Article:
By GIDADO IBRAHIM |
In most advanced economies, intellectual powerhouses are revered because of their ability to chart a roadmap for economic and social recovery and prosperity in many sectors of the country. One of such intellectual warhorses in Nigeria is the Executive Secretary of Tertiary Education Trust Fund (TETFund) Prof Suleiman Elias Bogoro.
Apart from rekindling the hope that all is not lost for Nigeria, Prof Bogoro has become a springboard for a new thinking pattern in the country. Since his reinstatement as the helmsman of TETFund by President Muhammadu Buhari, he has never left anyone in doubt as to the inherent ability of Nigeria to join the league of developed nations if ideas, strategies and roadmap like the ones he lays out every now and then are faithfully and painstakingly implemented.
One outstanding character that stands Prof Bogoro out as intellectual gargantuan is his ability to link theory to practicals or implementable action steps that would have spiral positive effects on the national economy.
Since his appointment, he has through scientific study evolved a thinking pattern that seeks to move scientific research and outcomes from gathering dust on the shelves of our higher institutions to the real sector where they are needed.
Through symposiums, conferences and Lectures, Prof Bogoro has consistently laid out his vision for a transformed Nigeria through relevant research. It was at one of such foras, “Arewa at 50” that he, in an explosive lecture, laid bare the path to recovery of the lost glory of the North in the education sector.
Recently, Prof Bogoro was at it again. This time around, he reeled out what could best be described as ‘Marshall Plan” for research into the nation’s livestock sector. In that Lecture, “Reclaiming Nigeria’s Laggard Livestock Subsector: A Modern Dairy Value Chain in Perspective,” which formed part of the 9th annual joint meeting of the Animal Science Association of Nigeria (ASAN) and Nigerian Institute of Animal Science (NAIS).
Nigeria is home to a 200million strong market, which should make it a leader in the milk and dairy sector. The global dairy market reached a value of $718.9billion in 2019, hence Prof Bogoro’s call for redoubling of efforts. He revealed in that Lecture that there are about 142 derivatives from dairy Value Chains. He is of the view that deepening research on the value addition development will invariably expand the Nigerian dairy value chains.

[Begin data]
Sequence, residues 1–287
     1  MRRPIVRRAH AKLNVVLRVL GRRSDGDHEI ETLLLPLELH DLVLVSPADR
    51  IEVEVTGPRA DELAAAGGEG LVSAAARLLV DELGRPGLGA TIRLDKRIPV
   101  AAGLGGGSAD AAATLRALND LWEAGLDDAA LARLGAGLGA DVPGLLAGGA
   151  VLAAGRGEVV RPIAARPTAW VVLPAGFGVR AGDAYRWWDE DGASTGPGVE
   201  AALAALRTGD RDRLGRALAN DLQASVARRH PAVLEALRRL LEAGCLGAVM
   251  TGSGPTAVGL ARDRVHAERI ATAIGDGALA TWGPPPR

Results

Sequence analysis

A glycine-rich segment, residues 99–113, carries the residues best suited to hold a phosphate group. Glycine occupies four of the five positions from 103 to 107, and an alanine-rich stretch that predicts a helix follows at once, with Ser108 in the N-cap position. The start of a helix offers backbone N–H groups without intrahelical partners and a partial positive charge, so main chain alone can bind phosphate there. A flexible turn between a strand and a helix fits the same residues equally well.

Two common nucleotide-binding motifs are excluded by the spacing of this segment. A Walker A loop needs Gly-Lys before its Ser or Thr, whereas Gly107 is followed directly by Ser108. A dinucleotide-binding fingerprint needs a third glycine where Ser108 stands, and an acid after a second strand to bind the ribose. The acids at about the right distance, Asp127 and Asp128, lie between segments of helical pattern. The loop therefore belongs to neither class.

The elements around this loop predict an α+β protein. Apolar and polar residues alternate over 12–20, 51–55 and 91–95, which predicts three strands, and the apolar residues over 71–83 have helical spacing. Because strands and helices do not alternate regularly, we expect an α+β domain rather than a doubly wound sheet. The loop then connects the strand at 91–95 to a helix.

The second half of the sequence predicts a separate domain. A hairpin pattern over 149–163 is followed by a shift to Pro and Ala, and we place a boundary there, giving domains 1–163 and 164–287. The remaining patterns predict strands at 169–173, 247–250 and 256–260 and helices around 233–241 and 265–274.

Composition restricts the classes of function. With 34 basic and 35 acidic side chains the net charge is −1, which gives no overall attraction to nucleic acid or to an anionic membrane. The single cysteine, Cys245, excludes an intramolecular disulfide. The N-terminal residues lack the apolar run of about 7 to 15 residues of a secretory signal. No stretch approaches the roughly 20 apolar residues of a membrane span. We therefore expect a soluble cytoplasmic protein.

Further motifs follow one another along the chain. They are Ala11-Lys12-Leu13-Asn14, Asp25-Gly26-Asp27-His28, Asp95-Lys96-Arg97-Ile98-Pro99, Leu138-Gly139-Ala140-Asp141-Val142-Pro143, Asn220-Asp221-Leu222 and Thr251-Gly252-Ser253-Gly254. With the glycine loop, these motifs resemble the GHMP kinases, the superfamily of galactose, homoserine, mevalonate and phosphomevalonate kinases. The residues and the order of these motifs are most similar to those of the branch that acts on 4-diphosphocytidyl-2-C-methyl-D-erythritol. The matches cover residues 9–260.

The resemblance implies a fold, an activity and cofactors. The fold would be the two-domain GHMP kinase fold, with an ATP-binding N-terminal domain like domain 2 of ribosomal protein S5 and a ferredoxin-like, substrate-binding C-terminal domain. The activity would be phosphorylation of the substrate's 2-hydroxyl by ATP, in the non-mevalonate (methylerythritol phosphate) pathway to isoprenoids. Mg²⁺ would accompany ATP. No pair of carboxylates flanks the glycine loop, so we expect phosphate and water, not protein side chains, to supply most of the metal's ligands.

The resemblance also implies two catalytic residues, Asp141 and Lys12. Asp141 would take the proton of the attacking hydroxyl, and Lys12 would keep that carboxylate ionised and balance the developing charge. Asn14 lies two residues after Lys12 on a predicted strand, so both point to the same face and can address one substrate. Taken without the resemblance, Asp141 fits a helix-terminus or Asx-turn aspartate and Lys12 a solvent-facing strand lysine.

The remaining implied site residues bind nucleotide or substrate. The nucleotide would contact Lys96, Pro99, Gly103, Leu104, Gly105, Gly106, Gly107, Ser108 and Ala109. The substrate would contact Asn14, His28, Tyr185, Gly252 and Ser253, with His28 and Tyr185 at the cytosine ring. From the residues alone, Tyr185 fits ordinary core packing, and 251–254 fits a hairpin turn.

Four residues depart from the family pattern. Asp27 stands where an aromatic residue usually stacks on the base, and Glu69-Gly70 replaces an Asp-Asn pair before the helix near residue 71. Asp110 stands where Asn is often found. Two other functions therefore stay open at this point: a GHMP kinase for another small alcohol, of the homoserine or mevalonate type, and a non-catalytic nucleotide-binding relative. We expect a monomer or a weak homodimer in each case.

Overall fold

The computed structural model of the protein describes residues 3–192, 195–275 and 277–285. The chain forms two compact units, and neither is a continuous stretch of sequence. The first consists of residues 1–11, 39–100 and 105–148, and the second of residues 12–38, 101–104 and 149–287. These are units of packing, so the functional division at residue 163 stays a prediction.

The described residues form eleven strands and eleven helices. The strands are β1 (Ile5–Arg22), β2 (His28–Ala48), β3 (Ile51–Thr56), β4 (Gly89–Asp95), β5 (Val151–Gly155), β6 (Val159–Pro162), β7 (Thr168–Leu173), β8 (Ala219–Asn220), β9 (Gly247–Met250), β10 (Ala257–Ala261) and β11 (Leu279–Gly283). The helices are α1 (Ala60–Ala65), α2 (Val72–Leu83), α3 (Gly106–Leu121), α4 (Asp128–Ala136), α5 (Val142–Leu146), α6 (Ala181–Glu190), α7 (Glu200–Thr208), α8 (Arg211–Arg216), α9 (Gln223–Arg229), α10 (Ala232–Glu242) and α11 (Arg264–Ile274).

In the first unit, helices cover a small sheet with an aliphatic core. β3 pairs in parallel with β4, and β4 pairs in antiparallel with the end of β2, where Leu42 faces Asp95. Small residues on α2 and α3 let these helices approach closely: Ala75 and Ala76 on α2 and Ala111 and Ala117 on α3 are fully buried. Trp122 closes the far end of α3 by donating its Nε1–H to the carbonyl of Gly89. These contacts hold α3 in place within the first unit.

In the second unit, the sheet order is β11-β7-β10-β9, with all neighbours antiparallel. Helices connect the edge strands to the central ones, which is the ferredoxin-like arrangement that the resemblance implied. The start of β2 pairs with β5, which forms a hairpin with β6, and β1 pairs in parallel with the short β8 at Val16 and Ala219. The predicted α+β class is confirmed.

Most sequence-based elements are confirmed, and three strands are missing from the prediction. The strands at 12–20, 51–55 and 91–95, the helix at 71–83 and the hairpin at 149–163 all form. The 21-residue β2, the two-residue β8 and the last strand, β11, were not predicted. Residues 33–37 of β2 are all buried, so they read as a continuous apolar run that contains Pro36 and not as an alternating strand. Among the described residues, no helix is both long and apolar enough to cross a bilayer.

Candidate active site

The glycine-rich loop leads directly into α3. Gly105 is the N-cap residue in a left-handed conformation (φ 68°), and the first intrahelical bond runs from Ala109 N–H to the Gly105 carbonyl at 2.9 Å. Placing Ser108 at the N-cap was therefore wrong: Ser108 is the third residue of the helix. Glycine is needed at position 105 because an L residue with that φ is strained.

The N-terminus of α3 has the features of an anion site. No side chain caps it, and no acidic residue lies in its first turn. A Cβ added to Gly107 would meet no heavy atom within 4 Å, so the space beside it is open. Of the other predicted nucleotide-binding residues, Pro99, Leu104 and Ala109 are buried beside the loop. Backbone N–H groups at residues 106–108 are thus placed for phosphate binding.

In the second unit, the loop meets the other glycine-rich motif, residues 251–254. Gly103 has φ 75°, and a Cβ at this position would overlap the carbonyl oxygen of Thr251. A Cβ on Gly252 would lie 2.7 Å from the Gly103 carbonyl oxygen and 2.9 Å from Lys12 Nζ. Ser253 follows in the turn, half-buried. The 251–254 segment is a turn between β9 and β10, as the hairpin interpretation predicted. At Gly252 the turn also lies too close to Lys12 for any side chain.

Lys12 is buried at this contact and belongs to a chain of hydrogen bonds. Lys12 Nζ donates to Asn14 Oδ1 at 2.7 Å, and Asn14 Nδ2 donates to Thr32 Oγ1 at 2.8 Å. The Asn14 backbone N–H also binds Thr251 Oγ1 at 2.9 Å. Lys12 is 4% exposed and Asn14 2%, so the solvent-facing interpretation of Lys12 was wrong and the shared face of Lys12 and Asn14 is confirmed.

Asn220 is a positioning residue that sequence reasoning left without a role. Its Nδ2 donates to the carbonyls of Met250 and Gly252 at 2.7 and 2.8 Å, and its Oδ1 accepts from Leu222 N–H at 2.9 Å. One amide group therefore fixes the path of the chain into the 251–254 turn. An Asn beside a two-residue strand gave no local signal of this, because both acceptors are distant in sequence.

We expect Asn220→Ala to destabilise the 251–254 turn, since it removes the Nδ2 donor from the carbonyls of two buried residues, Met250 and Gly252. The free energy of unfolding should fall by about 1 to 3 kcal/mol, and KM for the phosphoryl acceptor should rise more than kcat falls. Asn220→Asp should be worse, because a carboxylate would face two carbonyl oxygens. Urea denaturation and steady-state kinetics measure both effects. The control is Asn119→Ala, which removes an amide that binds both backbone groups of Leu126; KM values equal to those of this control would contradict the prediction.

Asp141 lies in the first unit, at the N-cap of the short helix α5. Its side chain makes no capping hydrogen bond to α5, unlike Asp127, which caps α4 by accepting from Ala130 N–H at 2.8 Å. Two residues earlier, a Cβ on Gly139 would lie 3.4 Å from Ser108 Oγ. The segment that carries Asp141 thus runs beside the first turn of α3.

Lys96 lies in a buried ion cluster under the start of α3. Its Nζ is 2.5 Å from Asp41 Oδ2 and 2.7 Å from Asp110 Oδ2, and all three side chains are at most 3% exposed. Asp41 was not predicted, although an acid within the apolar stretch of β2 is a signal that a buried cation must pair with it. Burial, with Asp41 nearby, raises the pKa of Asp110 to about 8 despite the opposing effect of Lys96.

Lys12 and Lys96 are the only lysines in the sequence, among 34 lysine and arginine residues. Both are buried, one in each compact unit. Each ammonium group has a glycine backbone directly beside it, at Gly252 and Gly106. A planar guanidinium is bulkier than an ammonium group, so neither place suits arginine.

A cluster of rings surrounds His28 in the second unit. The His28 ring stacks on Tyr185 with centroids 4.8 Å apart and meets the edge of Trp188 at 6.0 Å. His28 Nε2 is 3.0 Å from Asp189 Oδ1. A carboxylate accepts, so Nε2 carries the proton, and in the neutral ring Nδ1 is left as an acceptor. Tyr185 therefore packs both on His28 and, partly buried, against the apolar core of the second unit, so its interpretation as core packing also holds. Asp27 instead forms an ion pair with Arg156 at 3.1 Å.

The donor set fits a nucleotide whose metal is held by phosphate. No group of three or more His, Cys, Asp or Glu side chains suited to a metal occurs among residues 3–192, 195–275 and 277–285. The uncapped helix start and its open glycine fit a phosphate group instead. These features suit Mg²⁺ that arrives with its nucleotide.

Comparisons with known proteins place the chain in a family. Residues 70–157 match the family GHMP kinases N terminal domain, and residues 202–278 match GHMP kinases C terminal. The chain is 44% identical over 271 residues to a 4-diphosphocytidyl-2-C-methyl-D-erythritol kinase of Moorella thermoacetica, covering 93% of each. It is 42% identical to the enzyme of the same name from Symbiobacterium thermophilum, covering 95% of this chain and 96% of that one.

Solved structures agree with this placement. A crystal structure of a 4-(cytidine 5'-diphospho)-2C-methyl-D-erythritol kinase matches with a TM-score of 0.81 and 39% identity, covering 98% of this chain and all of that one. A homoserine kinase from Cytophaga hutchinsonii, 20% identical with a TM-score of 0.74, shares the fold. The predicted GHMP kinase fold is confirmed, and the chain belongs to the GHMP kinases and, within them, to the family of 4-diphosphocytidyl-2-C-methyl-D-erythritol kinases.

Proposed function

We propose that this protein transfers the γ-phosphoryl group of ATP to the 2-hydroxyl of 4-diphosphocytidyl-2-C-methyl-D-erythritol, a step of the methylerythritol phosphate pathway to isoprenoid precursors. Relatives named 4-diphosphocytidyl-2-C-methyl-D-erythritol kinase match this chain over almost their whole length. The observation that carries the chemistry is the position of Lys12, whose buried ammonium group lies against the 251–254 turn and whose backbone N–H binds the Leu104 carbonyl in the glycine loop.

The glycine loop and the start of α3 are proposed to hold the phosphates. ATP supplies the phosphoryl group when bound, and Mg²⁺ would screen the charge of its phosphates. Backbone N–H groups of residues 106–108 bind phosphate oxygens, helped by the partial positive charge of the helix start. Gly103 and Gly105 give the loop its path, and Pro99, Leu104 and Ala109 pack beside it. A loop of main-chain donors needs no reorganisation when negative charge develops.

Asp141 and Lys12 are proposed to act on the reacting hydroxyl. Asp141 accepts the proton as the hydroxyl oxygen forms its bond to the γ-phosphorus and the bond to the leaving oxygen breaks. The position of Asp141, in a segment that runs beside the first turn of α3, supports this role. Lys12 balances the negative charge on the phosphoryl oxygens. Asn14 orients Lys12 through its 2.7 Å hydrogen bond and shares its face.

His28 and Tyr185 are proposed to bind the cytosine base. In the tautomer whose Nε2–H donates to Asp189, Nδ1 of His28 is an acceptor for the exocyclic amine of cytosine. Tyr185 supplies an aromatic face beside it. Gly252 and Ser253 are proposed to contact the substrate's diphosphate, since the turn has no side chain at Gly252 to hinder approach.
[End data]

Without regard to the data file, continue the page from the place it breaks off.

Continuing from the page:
Apart from fresh, evaporated and powdered milk, Fura and Nunu, including yoghurt are the dairy products we have ventured into in Nigeria. In line with Prof Bogoro’s ardent belief in linking research to business, he admitted that there is huge potential in dairy products value addition to create new enterprises capable of solving unemployment problems facing the teeming youths of the country.
The real value of any initiative is in its ability to solve problems. For Prof Bogoro, every initiative must be linked to real time problem solving. What is more incisive than his call on Food Scientists to fashion a way of including locally made dairy products in the federal government Home Grown School Feeding Programme?
He admitted that to boost diary production and bring Nigeria at par with its counterparts globally, the tree pillars of nutrition, husbandry and health management requires multidisciplinary research intervention. He harped on the need for innovations on dairy production, at least cost and optimal yields where climate smartness is an additional feature globally.
The Lecture was explosive and held the audience spellbound as he identified some of the problems plaguing the sector in Nigeria to low productivity. At the moment, Nigeria accounts for less than 10% of the global dairy market. And even at that, products from Nigerian dairy market are not allowed into western market due to low quality products, occasioned by the exorbitant cost of training local farmers. He said poor postharvest handling and inadequate access to improved processing technologies, insufficient marketing systems, highly subsidized imported milk products make it difficult for local farmers to compete favourably.